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The Bagmati River is a sacred body of water to Hindus. A holy dip in the Bagmati river is said to free people from all the sins they have committed in this lifetime. There are numerous legends surrounding the formation of the river and the creation of temples on its banks. Along with the great Pashupatinath temple, Gokarneshwar, also known as Gokarna is one of the holiest places located on the banks of river .
In the same complex, close to the the Sheshnarayan Temple is the oldest monastery in Pharping, Rigzin Drubte Ghatshal Monastery. It is a great example of religious and cultural pluralism in Nepal. A God, a King and a prophetic vision Lord Vishnu is one of the principal deities of Hinduism. He is part of the holy trinity that consists of three gods — Brahma, the creator, Shiva, the god of destruction and Vishnu who is responsible .
Manjushree meaning “gentle glory” is often perceived as a divine being who brought order to the Kathmandu valley when it was a Paleo Kathmandu Lake, by cutting down the Chobhar gorge, draining out the water and making the land suitable for life. Even more intriguing is the way he did it, by using a supernatural armament, a sword of godly might, cutting the valley into two. On the historical side of affairs, there are .
Vajrapani is one of the earliest and most recognizable characters of Buddhist art. He is known for carrying a vajra scepter and being a close attendant to the historical Buddha according to the Mahayana Sutras. In Vajrayana, Buddhism Vajrapani is entrusted to safeguard all of the Tantra literature and in this regard, he is known as Guhyapati - the Lord of Secrets. Different Forms of Vajrapani Vajrapani manifests in a variety of forms and looks, ranging from placid .
Angaja is the elder of 16 arhats. He is known as Angiraja. In Sanskrit, he is called as Angaja, or Angiraja. ཡན་ལག་འབྱུང་, Yenlak Jung or Yenlak Kyé; Wyl. yan lag ‘byung, or yan lag skyes in Tibetan. He is one of the arhats among the Sixteen Arhats. The Life of Angaja In this segment, we are going to learn about the life of Angaja. As a householder, Angiraja was immensely wealthy and gave away all his wealth seven times, but he realized .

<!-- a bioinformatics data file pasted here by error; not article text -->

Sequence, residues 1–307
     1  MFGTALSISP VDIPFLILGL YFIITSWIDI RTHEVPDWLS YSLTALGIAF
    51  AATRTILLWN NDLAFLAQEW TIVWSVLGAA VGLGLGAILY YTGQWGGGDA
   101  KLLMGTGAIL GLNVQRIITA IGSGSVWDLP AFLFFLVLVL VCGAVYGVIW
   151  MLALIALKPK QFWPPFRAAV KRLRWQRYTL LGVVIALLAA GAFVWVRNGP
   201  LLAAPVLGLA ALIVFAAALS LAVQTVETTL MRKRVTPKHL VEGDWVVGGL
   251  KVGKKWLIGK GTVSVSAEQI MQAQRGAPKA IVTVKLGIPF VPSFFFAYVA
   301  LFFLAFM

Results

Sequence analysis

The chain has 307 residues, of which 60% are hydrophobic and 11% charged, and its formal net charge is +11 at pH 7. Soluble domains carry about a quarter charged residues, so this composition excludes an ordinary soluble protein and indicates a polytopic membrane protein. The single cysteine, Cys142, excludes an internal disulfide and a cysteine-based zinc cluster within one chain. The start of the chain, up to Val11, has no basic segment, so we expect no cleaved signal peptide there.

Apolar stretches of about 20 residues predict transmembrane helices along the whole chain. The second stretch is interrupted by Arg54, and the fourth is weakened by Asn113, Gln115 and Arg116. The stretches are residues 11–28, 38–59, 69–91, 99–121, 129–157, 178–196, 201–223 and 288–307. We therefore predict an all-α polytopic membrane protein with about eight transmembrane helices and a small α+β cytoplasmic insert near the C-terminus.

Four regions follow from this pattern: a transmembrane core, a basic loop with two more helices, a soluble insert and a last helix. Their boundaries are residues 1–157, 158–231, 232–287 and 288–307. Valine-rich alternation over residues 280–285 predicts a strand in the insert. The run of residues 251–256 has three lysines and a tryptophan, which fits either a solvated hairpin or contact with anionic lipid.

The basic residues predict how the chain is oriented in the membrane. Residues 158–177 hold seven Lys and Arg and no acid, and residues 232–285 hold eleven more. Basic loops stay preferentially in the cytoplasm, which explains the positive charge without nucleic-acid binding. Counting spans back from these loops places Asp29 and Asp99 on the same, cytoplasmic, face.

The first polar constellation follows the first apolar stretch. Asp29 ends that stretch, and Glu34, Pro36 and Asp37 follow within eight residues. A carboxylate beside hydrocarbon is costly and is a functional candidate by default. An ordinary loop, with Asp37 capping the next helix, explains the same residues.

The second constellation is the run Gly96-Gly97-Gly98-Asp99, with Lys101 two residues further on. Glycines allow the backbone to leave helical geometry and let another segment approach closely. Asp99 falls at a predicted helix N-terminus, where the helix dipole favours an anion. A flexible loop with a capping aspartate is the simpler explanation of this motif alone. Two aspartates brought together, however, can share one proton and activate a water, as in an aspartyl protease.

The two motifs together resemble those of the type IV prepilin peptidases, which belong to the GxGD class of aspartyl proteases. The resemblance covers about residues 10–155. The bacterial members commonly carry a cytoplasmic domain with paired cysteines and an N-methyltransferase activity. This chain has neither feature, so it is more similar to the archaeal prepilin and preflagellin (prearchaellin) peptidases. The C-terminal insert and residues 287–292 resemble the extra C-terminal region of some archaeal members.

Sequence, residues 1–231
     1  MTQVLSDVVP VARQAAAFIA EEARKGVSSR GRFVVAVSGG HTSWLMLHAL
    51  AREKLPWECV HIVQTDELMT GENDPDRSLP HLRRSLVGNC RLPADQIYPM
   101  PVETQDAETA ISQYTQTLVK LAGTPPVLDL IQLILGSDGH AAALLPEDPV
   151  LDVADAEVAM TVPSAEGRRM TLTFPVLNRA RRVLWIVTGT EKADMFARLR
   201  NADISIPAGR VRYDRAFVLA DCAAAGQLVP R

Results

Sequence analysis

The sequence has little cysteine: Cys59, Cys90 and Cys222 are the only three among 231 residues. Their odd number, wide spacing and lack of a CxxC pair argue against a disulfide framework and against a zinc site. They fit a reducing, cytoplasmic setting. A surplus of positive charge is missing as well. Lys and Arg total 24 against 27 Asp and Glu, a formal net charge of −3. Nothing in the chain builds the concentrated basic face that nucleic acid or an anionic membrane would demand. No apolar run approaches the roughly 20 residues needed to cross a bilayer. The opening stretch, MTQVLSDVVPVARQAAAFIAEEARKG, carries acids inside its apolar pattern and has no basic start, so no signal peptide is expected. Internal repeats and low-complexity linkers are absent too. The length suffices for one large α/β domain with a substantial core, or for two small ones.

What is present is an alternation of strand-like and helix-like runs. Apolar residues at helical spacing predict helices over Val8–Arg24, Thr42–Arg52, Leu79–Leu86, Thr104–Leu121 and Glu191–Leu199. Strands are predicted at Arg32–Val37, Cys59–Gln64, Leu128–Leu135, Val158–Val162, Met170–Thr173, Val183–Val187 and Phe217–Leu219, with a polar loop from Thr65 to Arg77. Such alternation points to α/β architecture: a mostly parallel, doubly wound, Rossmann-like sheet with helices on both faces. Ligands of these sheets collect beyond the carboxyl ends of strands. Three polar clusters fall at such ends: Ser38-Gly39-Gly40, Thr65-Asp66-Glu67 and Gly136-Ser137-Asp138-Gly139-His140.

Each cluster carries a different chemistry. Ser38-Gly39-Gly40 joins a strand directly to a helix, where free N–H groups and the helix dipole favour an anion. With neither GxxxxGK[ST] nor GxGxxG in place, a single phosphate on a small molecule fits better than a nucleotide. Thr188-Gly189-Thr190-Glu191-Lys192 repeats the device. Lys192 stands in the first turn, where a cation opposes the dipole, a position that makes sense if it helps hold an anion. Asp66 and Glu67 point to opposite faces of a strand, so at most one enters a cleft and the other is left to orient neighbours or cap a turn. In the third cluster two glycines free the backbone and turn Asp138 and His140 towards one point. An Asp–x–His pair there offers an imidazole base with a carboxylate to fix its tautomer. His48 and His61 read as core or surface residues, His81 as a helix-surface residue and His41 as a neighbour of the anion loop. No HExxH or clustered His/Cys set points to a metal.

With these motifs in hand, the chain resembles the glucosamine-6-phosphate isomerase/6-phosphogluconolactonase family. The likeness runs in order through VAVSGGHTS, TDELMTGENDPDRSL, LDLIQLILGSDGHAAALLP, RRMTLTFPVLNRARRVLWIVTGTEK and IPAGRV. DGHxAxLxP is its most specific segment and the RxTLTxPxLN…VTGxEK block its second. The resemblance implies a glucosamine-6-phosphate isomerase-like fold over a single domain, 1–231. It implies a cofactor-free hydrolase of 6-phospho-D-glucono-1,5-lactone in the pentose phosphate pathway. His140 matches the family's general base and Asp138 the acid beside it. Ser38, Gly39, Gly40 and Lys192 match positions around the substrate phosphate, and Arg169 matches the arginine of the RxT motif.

The wheel of life is a symbolic representation of cyclic existence found on the outside walls of Tibetan Buddhist temples and monasteries in the Indo-Tibetan region. This pictorial thangka presents basic Buddhist concepts such as karma and rebirth in a manner that can be understood by uneducated or illiterate people. Alternate translations for Bhavacakra include the Buddhist wheel of life, wheel of cyclic existence, wheel of becoming, etc. The Viability of the wheel of life In this .
Abheda is known as the 16th arhat from the set of 16 great arhats, principal students of the Buddha Shakyamuni. The Entity of Abheda In this portion, we are going to learn about the entity of Abheda. After that, we will learn the short etymological description of the word Abheda itself. Etymology of Abheda Abheda is known as Ne ten, mi che pa in Tibet. And the meaning of Abheda is Sthavira Abheda in Sanskrit. Earlier, we learn about .
Vanavasin the Elder is the 3rd arhat from the set of 16 great arhats. Vanavasin is also known as presides over the Seven Leaves Mountain with four hundred disciples. The life of the Vanavasin In this section, we are going to learn about the life of Vanavasin. And after, we will learn about the short etymological description of the word Vanavasin itself. Etymology of Vanavasin Vanavasin is known as Pag pa Ne ten, nag la Ne in Tibet. .
Tibetan medicine is a science, art, and philosophy that provides a holistic approach to health care. It is a science because its principles are enumerated in a systematic and logical framework based on an understanding of the body and its relationship to the environment. It is an art because it uses diagnostic techniques based on the creativity, insight, subtlety, and compassion of the medical practitioner. And it is a philosophy because it embraces the key .
The application of colour to the thangka canvas involved two main steps first, filling in the areas of different base colours, and second, the subsequent shading and outlining of those areas. To these steps there corresponded the two essentially different types of paint in the Tibetan palette Mineral pigments (rdo tshon and sa tshon) and The organic dyes or lakes (tshos) The mineral pigments had to be mixed with a binder before being applied as paints. .